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How does El Niño-Southern Oscillation modulate the interannual variability of winter haze days over eastern China?

He, Chao, Liu, Run, Wang, Xuemei, Liu, Shaw Chen, Zhou, Tianjun, Liao, Wenhui
The Science of the total environment 2019 v.651 pp. 1892-1902
El Nino, La Nina, climate, monsoon season, pollution, subsidence, wet deposition, wind, winter, China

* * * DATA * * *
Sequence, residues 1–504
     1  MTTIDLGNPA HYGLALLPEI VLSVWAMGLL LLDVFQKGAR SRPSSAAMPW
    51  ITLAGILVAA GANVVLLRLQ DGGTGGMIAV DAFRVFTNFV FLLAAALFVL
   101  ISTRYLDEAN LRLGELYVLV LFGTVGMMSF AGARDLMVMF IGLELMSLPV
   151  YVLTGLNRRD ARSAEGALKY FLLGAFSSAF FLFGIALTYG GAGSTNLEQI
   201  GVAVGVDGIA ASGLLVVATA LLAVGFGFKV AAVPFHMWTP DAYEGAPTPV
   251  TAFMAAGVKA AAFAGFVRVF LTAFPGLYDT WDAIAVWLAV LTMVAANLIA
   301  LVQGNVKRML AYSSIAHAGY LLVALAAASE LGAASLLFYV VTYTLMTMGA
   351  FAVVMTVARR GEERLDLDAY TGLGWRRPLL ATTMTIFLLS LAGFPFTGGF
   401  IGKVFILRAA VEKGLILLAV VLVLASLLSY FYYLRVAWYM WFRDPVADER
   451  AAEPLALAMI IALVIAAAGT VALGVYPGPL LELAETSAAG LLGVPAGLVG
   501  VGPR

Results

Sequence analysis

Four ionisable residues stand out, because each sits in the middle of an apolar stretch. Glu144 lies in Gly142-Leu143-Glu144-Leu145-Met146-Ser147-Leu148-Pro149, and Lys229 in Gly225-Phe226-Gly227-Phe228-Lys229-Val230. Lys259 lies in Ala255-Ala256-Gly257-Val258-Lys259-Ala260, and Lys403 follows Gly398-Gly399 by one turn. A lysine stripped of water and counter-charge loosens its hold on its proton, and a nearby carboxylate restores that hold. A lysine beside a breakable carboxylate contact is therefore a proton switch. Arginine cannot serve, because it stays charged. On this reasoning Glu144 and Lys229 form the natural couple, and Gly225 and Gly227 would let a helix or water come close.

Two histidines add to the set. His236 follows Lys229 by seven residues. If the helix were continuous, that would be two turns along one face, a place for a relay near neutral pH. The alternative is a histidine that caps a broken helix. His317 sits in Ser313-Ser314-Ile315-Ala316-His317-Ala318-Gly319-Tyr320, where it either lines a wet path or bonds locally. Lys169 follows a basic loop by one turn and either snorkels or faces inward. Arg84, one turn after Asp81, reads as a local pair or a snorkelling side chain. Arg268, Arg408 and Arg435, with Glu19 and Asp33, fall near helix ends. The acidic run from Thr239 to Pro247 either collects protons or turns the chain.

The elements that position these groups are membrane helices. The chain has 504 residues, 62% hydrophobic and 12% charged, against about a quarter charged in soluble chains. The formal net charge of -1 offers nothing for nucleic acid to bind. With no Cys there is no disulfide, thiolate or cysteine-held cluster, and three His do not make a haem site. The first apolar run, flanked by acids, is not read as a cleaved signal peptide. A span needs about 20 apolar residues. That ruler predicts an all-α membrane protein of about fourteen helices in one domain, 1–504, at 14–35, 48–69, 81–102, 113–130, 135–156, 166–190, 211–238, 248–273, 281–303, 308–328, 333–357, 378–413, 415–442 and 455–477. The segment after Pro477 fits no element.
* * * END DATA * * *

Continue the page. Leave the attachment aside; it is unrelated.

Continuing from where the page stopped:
The haze pollution over eastern China has evident interannual variability. Based on the observed daily visibility at the meteorological stations from 1980 to 2018, the interannual variability of winter haze days (WHD) and its relation to El Niño-Southern Oscillation (ENSO) are investigated. ENSO has a significant negative modulation on the WHD over southern China (south of 30°N) and an insignificant positive modulation on the WHD over North China (north of 35°N). Based on the analyses on the haze-prone weather condition and climate variability conducive to excessive WHD anomaly at interannual time scale, anomalous subsidence with suppressed precipitation plays a dominant role for haze over southern China where wet deposition is the most important, while southerly wind anomaly plays a dominant role for haze over North China. An anomalous anticyclone (cyclone) over western North Pacific is stimulated by El Niño (La Niña) during its peak phase in winter, and the anomalous ascending (descending) motion on the northwestern flank of this anomalous anticyclone (cyclone) induces a significant excessive (deficient) precipitation over southern China, conducive to less (more) WHD over southern China during El Niño (La Niña) winters via wet deposition. The insignificant southerly (northerly) wind anomaly associated with weakened (enhanced) winter monsoon during El Niño (La Niña) is responsible for the slightly more (less) haze days over North China during El Niño (La Niña) winters.